Re: [RFC][PATCH] Process Attribute API for Security Modules

From: Jan Harkes (jaharkesat_private)
Date: Wed Apr 23 2003 - 13:44:10 PDT

  • Next message: Jakob Oestergaard: "Re: [PATCH] Extended Attributes for Security Modules against 2.5.68"

    I understand that some of my comments are probably specific to whatever
    policies the underlying security module implements, but
    On Tue, Apr 08, 2003 at 04:17:52PM -0400, Stephen Smalley wrote:
    > 2) /proc/PID/attr/exec represents the attributes to assign to the
    > process upon a subsequent execve call.  A write to this node followed by
    > an execve replaces the execve_secure call of the original SELinux API. 
    > This is needed to support role/domain transitions in SELinux, and execve
    > is the preferred point to make such transitions because it offers better
    > control over the initialization of the process in the new security label
    > and the inheritance of state.  In SELinux, this attribute is reset on
    > execve after use so that the new program reverts to the default behavior
    > for any exec calls that it may make.  In SELinux, a process can only set
    > its own /proc/PID/attr/exec attribute.
    The generic API seems to allow any one to read attr/current and exec
    labels and you are not making any special mention of it. It would be
    possible for any process to obtain someone elses 'security context' by
    simply reading the label, writing it to attr/exec and then execing
    itself into the existing security context.
    > 3) /proc/PID/attr/fscreate represents the attributes to assign to files
    > created by subsequent calls to open, mkdir, symlink, and mknod. A write
    So is this equivalent to fsuid? i.e. when it isn't initialized is the
    current context passed during open/mkdir/symlink/mknod?
    There are filesystems that are eager to get per-process hooks to store
    their own security labels or tokens. But with this API it won't be
    possible to run both SE-Linux or other security module and have an
    appropriately secure paritioning of AFS or Coda identities at the same
    And to reduce some of the code-bloat. How about dropping all those
    #define ATTR_GET/ATTR_READ and such by doing something like the
    static ssize_t proc_pid_attr_read(struct file * file, char * buf,
    				  size_t count, loff_t *ppos)
    	struct inode * inode = file->f_dentry->d_inode;
    	unsigned long page;
    	ssize_t length;
    	ssize_t end;
    	struct task_struct *task = proc_task(inode);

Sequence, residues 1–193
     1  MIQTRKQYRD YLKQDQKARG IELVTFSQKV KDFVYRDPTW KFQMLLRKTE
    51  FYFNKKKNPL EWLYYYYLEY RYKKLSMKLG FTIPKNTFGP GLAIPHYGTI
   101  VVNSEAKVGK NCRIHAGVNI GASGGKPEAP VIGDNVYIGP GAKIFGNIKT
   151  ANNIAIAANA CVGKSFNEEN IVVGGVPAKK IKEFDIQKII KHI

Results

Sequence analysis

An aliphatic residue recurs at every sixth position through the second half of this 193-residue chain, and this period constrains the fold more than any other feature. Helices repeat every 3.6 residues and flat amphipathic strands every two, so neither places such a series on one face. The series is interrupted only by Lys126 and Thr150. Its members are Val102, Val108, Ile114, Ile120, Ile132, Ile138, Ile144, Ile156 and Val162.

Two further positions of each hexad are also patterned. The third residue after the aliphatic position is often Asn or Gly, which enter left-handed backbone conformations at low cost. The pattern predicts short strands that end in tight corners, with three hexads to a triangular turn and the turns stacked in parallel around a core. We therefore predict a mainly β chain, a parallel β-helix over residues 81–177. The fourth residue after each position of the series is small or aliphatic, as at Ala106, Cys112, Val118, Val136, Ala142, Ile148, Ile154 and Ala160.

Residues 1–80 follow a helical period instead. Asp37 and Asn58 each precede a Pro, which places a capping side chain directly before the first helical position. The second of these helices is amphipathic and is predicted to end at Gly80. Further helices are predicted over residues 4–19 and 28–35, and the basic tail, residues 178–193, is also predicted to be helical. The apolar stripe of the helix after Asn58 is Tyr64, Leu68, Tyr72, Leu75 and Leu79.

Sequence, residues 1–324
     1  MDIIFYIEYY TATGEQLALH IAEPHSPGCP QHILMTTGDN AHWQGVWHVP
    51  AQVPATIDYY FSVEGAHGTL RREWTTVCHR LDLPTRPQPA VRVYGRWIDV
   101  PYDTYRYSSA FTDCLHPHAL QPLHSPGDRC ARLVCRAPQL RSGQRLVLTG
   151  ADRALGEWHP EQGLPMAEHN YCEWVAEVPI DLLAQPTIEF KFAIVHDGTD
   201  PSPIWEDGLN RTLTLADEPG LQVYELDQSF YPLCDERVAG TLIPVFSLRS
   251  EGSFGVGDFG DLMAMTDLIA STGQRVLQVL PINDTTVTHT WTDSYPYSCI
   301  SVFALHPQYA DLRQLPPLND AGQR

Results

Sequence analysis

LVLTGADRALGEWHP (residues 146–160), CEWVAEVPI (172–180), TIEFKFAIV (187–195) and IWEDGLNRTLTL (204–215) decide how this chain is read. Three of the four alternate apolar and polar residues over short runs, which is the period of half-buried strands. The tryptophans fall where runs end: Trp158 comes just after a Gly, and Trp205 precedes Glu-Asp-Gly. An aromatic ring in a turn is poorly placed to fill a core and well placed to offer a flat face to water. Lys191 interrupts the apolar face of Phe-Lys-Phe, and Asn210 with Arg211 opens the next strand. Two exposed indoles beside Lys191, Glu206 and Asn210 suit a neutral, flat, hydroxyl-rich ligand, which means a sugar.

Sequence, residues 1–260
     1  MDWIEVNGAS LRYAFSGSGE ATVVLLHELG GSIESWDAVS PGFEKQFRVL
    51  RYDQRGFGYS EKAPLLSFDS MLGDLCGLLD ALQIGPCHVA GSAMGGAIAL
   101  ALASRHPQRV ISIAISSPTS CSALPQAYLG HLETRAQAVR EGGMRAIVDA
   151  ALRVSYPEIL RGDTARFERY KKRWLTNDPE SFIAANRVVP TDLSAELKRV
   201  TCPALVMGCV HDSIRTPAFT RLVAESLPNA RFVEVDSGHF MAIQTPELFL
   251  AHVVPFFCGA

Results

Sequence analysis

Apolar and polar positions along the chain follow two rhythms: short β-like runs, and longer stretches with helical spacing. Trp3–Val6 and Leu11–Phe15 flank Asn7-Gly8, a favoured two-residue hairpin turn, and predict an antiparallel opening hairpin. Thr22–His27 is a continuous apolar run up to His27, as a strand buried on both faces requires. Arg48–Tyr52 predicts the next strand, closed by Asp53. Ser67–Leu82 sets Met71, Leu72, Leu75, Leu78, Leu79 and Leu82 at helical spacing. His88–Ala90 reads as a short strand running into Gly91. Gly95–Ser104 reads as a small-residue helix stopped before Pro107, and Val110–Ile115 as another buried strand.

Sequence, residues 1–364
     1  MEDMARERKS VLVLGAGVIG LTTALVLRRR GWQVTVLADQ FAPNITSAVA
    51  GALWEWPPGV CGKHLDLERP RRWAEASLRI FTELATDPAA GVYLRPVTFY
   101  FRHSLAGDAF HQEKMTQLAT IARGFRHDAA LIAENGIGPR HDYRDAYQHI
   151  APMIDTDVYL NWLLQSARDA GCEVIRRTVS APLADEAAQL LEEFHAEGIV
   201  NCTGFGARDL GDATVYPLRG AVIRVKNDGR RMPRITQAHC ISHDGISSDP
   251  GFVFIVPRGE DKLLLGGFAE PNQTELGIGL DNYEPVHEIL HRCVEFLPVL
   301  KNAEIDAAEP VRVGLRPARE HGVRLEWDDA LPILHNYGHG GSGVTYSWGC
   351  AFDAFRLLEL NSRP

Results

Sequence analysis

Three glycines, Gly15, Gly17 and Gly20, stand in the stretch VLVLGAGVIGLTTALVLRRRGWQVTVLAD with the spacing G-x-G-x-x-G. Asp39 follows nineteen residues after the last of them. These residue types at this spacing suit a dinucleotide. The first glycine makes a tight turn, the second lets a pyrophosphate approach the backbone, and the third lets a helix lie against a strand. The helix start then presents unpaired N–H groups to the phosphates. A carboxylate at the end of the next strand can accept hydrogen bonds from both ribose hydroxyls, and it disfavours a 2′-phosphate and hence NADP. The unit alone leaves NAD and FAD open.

if (count > PAGE_SIZE)
    		count = PAGE_SIZE;
    	if (!(page = __get_free_page(GFP_KERNEL)))
    		return -ENOMEM;
    	length = security_getprocattr(task, file->f_dentry->d_name,
    				      (char *)page, count);
    	if (length < 0) {
    		return length;
    	/* Static 4kB (or whatever) block capacity */
    	if (*ppos >= length) {
    		return 0;
    	if (count + *ppos > length)
    		count = length - *ppos;
    	end = count + *ppos;
    	copy_to_user(buf, (char *) page + *ppos, count);
    	*ppos = end;
    	return count;
    static ssize_t proc_pid_attr_write(struct file * file, const char * buf,
    				   size_t count, loff_t *ppos)
    	struct inode * inode = file->f_dentry->d_inode;
    	char *page; 
    	ssize_t length; 
    	struct task_struct *task = proc_task(inode); 
    	if (count > PAGE_SIZE) 
    		count = PAGE_SIZE; 
    	if (*ppos != 0) {
    		/* No partial writes. */
    		return -EINVAL;
    	page = (char*)__get_free_page(GFP_USER); 
    	if (!page) 
    		return -ENOMEM;
    	length = -EFAULT; 
    	if (copy_from_user(page, buf, count)) 
    		goto out;
    	length = security_setprocattr(task, file->f_dentry->d_name, buffer, count); \
    	free_page((unsigned long) page);
    	return length;
    static struct file_operations proc_pid_attr_operations = {
    	.read		= proc_pid_attr_read,
    	.write		= proc_pid_attr_write,
    static struct dentry *proc_attr_lookup(struct inode *dir, struct dentry *dentry)
    	struct inode *inode;
    	int error;
    	struct task_struct *task = proc_task(dir);
    	struct pid_entry *p;
    	struct proc_inode *ei;
    	error = -ENOENT;
    	inode = NULL;
    	for (p = attr_stuff; p->name; p++) {
    		if (p->len != dentry->d_name.len)
    		if (!memcmp(dentry->, p->name, p->len))
    	if (!p->name)
    		goto out;
    	error = -EINVAL;
    	inode = proc_pid_make_inode(dir->i_sb, task, p->type);
    	if (!inode)
    		goto out;
    	ei = PROC_I(inode);
    	inode->i_mode = p->mode;
    	inode->i_fop = &proc_pid_attr_operations;
    	dentry->d_op = &pid_dentry_operations;
    	d_add(dentry, inode);
    	if (!proc_task(dentry->d_inode)->pid)
    	return NULL;
    	return ERR_PTR(error);
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